EXPERT REVIEW

AZCentral.com's view

The beautiful BMW Z3 roadster, teased into our minds by countless magazine photos and a cameo part in a James Bond movie, was hotly anticipated by the time it arrived for 1996.

Here was the first BMW roadster in nearly 40 years, since the acclaimed 507. (The Z3 sports a bit of 507 detailing in the gill-shaped styling on its fenders.)

Plus, it’s American-made, produced in a South Carolina factory.

And that gorgeous shape, a classic sports-car form, the kind of body that proclaims: I’m ready for some fun.

So it was with a tinge of disappointment that the car-buff magazines concluded that the Z3, though indeed beautiful and in most respects enjoyable, was not quite up to snuff in the horsepower department.

The four-cylinder, 138-horsepower engine was chastised for not fulfilling the chassis’ capabilities, and being a bit spare for a $30,000 sports car.

So, the Z3 was branded as not-quite-there, and lost some of its luster.

But as promised, BMW has added another Z3 model for ’97, with a beefed-up suspension, wider rear stance and, most important, a powerful six-cylinder engine.

Good thing, too, with Mercedes-Benz and Porsche both unleashing all-new, highly desirable sports cars at around the same price range. And, of course, the Mazda Miata, which some think offers about the same feel at two-thirds the price.

The BMW’s 2.8-liter six, which will sell alongside the 1.9-liter four at a $6,000 premium, puts a new performance spin on the Z3. Straight-line power and hill climbing are enhanced, naturally, but so’s flexibility.

Where the four needed revving mightily to get at the power band, the six-cylinder is ready to deliver anytime.

Get on the throttle, and you’re rewarded with a clean surge of pulling power, and a satisfying high-pitched growl. The Z3 is not fast, in muscle-car terms, but strong and aggressive. Shifting is precise, and the clutch feels about perfect.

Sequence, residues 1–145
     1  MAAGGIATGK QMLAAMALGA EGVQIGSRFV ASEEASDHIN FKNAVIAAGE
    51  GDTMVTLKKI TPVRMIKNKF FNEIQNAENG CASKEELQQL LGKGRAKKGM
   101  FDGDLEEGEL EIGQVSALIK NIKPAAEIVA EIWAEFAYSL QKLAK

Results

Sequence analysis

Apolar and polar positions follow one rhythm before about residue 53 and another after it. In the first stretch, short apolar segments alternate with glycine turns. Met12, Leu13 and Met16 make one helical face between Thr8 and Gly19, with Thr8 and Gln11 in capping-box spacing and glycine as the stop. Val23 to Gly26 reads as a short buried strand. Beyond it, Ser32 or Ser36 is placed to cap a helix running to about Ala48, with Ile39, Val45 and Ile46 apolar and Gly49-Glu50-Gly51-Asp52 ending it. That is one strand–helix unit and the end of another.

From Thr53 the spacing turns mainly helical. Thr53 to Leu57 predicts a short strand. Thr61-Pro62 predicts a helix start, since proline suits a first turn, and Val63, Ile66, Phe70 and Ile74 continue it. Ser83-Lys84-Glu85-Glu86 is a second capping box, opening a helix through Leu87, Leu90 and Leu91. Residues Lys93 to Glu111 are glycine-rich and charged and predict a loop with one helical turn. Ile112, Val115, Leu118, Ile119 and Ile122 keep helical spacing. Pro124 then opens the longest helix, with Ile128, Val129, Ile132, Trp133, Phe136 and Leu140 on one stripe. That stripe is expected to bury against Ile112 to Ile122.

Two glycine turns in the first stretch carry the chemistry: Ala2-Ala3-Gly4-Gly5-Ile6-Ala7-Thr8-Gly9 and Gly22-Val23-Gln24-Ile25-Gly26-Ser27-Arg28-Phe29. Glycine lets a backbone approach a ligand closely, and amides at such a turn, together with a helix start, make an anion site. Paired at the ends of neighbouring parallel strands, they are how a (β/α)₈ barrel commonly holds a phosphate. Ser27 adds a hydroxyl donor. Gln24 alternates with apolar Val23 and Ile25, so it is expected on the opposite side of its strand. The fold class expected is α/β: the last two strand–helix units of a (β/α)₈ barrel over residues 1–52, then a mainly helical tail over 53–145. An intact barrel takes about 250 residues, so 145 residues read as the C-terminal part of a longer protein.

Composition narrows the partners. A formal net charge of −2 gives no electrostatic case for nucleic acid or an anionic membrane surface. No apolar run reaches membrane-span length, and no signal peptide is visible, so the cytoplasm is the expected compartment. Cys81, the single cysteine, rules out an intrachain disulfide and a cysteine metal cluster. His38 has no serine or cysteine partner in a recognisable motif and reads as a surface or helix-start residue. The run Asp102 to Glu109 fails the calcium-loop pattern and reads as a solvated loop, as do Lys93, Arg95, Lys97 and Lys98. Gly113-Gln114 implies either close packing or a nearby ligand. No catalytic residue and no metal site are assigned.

All BMW cars are known for superior steering and handling, and the Z3 pushes that reputation up a notch. Cornering is wonderfully balanced and stable, and the Z3 can take curves at surprisingly high velocity.

The steering response really shines. This car goes where you point it, obeying steering input almost instantaneously.

The four-wheel disc brakes are excellent.

When the road gets rough, there is some body shudder and jiggle, just enough to remind you that you’re driving a lightweight roadster. Otherwise, the car felt screwed together pretty well, with no rattles or creaks worth mentioning.

The unlined cloth top is appealing but allows a considerable amount of traffic noise to filter in. The manual top fit well and was very easy to raise and lower.

The interior is fairly cramped, with scant legroom for a 6-foot-6-inch driver like myself. And the seat back hits the bulkhead far too soon, blocking the possibility of reclining the backrest.

Otherwise, the interior felt cozy and well-finished in attractively embossed le ather. The gauges are traditional, as befitting a classic sports car.

The stereo system was disappointing. The treble is tinny and the bass rumbles.

The six-cylinder Z3 is distinguished from the four-banger model by its more-aggressive front spoiler and wider rear flanks, which are subtle enough touches that most people won’t notice the difference. This could bother some Z3 drivers who need the world to know that they’re driving the upgraded model.

But let’s get one thing straight. The Z3 is not about performance. It’s about driving for pleasure, pure enjoyment, all the senses working.

There are few driving experiences as satisfying as traveling quickly along a winding country road in a well-sorted sports car. What’s finer than rushing along under a blue Arizona sky with the sounds of the wind rushing by and the engine winding out – and a favorite companion occupying the passenger seat?

It’s why there’s still a place in my garage for an old MG. And wh y I found the BMW such a satisfying update of a classic form.

1997 BMW Z3

Vehicle type: Two-passenger, two-door roadster, rear-wheel-drive. Base price: $35,900. Price as tested: $37,670. Engine: 2.8-liter straight six, 189 horsepower at 5,300 rpm, 203 pound-feet of torque at 3,950 rpm. Transmission: Five-speed stick shift. Curb weight: 2,844 pounds. Length: 158.5 inches. Wheelbase: 96.3 inches. Safety features: Dual air bags, anti-lock brakes. EPA fuel economy: 19 mpg city, 27 mpg highway. Highs: Beautiful styling. Exceptional handling. Strong engine. Lows: Cramped interior. Crummy radio. Uninsulated top.

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